Rattling The Resource Chain
Forecast reports on scarcity predict global actors will move in on dwindling resources. Governments are taking notice, and so should the public, Vivian Fritschi writes
As each year comes to a close, we tend to reflect on the past and the coming year, when it is perhaps the near future that demands more urgent attention. Indeed, a troubling commonality emerges upon a review of the major security and defense white papers and various forecast reports.
Governments, corporations and research institutes paint a very similar picture of the future one that portrays the transition from a surplus to a post-surplus world. While the latter does not necessarily mean absolute scarcity, it does suggest rising scarcity in many key resources.
This is more than just a trend; it is the underlying current that will shape the foreseeable future.
A significant part of our planetary wealth has gone into what we’ve built, used and thrown away, as visible in our national infrastructures, our cities, towns and homes, and in our mountains of trash around the world.
The implication of this global structural change should not be underestimated; as many modern systems (especially economic and industrial) were built on the fundamental assumption that resources were infinite. Still, it may be decades before the process of rethinking (and in some cases recreating) dominant and sacred theoretical paradigms trickles down to public discourse and policymaking.
Decades ahead: The prevailing outlook
As demand for natural resources increases, in turn raising their value, market players will logically shift their emphasis toward more efficient extraction, use and secure management of these resources. In the long term, an intensification of competition and/or conflict over these resources (whether ‘hot’ or ‘cold,’ inter-state or intra-state) is more likely, with corporations being the most responsive actors.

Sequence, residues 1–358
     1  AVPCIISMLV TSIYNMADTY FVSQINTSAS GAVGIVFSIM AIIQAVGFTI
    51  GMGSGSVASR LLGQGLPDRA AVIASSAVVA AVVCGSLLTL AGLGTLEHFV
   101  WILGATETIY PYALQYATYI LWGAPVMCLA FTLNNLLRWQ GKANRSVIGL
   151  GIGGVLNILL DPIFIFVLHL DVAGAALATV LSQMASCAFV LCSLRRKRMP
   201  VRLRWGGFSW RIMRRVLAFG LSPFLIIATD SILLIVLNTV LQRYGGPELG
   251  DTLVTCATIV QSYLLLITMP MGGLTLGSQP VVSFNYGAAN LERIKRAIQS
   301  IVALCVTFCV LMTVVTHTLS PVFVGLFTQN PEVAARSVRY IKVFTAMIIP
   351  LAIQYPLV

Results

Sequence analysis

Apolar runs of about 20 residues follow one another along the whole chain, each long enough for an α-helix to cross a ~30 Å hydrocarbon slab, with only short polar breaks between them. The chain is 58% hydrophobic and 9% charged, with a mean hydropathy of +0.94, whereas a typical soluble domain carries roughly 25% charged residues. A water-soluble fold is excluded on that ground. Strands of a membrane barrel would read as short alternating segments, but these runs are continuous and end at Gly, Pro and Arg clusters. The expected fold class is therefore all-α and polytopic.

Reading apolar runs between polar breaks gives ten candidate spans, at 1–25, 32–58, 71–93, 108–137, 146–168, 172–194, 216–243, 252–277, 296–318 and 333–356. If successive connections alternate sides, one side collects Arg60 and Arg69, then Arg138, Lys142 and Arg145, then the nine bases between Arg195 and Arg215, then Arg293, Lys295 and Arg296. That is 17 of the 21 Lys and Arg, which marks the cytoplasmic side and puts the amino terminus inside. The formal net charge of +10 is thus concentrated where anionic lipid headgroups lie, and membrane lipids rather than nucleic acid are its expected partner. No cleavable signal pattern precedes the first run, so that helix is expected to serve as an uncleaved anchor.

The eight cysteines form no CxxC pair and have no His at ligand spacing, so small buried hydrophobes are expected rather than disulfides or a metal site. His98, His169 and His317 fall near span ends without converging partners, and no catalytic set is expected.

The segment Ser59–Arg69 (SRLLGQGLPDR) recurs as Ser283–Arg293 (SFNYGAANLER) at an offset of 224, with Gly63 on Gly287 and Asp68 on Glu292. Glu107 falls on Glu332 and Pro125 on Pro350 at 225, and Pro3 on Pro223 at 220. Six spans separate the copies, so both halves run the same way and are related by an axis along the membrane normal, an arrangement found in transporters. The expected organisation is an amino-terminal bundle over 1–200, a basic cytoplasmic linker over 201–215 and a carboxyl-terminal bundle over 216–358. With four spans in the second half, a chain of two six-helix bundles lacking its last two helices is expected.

For instance, the Saudi-based Binladen Group’s effort to invest over $4 billion in rice fields in Papua
is motivated by a need to secure food production, according to a Thomson Reuters report. While the report also said that the group was having difficulties acquiring land from local people, it is unclear how much pressure Papuans are under from the government and the corporation to cede land.
One of the most violent disputes over resources is playing out in the oil conflict in the Niger Delta region with Shell Oil and the Nigerian government on one side, and the Ogoni people on the other.
The anticipated rise in competition and conflicts for natural resources is balanced by the expectation that international collaboration between grassroots movements will expand to mitigate some of the most urgent or acute problems.
Conflict and security
Predictions of accelerating conflict signal a concurrent increase in weapons and arms proliferation, and criminality (including terrorism).
Traditional security issues will continue to be among the highest priorities, especially given the increasingly lethal use of weapons (due to technological advancements and innovation). However, there are already early indications, especially in defense white papers, that strengthening the tools of civil society (cooperation, mediation, facilitation, collaboration, etc.) will play an important role in future security measures.
A greater emphasis on the prevention of conflict at an early stage is expected, and both the US and UK defense strategy papers highlight the importance of collaboration.
Likewise, the Chinese defense white paper says that Beijing will continue to pursue a new security concept featuring “mutual trust, mutual benefit, equality and coordination […] [and] encourage the advancement of security dialogues and cooperation with other countries […]”
Other national defense white papers, including those of the UK, France, Japan, Australia, New Zealand and Switzerland, either highlight areas of cooperation or identify prevention as an important component of security.
The reports suggest governments will place greater emphasis on the prevention of conflict and security in the areas of the most basic resources themselves (energy, water and food), as the overall vulnerability of these resources to risk (especially to grave risks from disasters, man-made or natural) can directly impact supply, access and production stability, and ultimately the global economy.
In its 2009 report, the US-based Energy Information Administration projects that world demand for energy will increase by over 40 percent in the next few decades.